I had been researching for over a year how to make your own laundry detergent, I just haven’t the time or the energy to do it. While there are several recipes available online, I condensed them all into what I believe is the simplest one. So, as part of the “get excited and make stuff” and “you can make your own stuff” movements, I carved a few hours out of a Friday afternoon, went to Walmart (alas! but they also have all the ingredients stocked right next to each other), and made it. Here’s how:
The Cast of Characters
- 1 box of washing soda (3 pounds, 7 ounces)
- 1 box of borax (4 pounds, 12 ounces)
- 1 box of baking soda (4 pounds)
- 3 bars Fels-Naptha soap (5.5 ounces each)
Next, get out a cheese grater and grate the three bars of Fels-Naptha:
I thought this would be a bit of a workout, but it turns out that it grates beautifully and easily. I had all three bars grated in about ten minutes.
You then need to grind down the Fels-Naphta. I put small amounts in a food processor and pulsed until the strands broke apart:
The heat of the blade can almost melt the Fels-Naptha into a congealed mess under the blades and make it impossible to grind it really fine. A lot of recipes that I found added water and melted everything down into a thick paste, which required processing in a blender, but also guaranteed that everything would dissolve in the washing machine. I didn’t have that kind of time or motivation, but I did worry about the soap not dissolving. I found out that if you add a 50/50 mix of grated soap and baking soda to the food processor, everything will come out great:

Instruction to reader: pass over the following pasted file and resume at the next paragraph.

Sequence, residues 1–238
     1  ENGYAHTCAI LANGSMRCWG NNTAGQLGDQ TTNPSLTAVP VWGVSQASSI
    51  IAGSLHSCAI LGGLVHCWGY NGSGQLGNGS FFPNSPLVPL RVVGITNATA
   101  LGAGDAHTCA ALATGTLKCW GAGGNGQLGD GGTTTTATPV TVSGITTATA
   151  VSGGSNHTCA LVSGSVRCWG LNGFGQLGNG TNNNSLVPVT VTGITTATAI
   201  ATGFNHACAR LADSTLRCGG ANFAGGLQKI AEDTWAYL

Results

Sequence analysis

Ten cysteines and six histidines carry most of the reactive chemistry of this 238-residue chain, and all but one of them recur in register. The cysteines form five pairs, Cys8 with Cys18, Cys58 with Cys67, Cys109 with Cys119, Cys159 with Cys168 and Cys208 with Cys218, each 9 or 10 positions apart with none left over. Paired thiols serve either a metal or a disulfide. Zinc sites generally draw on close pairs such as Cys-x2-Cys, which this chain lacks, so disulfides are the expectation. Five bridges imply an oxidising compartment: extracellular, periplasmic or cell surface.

After that was done, I added all the ingredients to a five-gallon bucket and stirred it up. This is definitely something you want to do outdoors, or with a mask if you are indoors, as it is somewhat dusty and gets up into the air and into your nose. It’s not painful, but it’s not pleasant.
To use, add one tablespoon to a load of laundry. That’s right—one tablespoon. That’s all. If your load of clothes is especially dirty (or oily or greasy), you can add two.
If that doesn’t seem right, consider that most commercial laundry detergents are mostly filler: water in the case of liquid detergents and sawdust in the case of powdered detergents. (At one point, Proctor and Gamble was the largest buyer of sawdust in the United States, according to what somebody whom I no longer remember once told me—so you know that’s accurate.)
Most importantly, it doesn’t smell like anything other than plain old-fashioned soap. I’ve never understood why people place such a premium on laundry soap that smells like a lavender field, or a mountain meadow, or a spring rain, as all of those scents (along with the soap that carries them) should be rinsed out of your clothes during the rinse cycle. I supposed people have been conditioned by advertising to look for these things in their laundry detergent.
This just smells clean, almost harshly so, if you are used to the highly perfumed stuff. It rinses cleanly and doesn’t leave anything in your clothes to irritate your skin.
It’s also an effective toilet bowl cleaner. I just pour 1 teaspoon into the toilet bowl, swish it around with the toilet brush, and leave it for about ten minutes. I then scrub it out and flush. It’s every bit as clean as when I use that blue stuff that you squirt out of a bottle, and only costs about 2¢. Not too shabby.
The best part about this is the cost: anywhere between 6¢ and 12¢ per load, depending on whether you use one or two tablespoons per load. The above recipe will make, with my rough calculations and digital scale, 422 tablespoons of laundry detergent. That’s a lot of laundry. No longer will I have to wait until laundry detergent goes on sale!
Here’s what I spent:
$3.24 — washing soda
$3.97 — borax
$2.24 — baking soda
$2.91 — three bars of Fels-Naptha
$12.36 — total cost
It took me about ten minutes to pick the ingredients up at the store (I was there making other purchases anyway, so this wasn’t a special trip), and about an hour to grate, grind, and mix everything up. We shall see how long it lasts.Except for material released under a Creative Commons License: ©2018 Kenneth John Odle All Rights ReservedPermalink for this article: